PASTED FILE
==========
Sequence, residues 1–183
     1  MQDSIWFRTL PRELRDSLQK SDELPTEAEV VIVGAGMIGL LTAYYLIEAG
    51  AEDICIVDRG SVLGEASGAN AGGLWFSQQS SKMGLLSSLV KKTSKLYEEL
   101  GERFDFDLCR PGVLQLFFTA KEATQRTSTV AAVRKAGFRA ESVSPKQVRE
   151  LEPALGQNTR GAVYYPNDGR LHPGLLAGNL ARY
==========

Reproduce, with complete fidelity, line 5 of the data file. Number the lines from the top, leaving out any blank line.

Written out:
   151  LEPALGQNTR GAVYYPNDGR LHPGLLAGNL ARY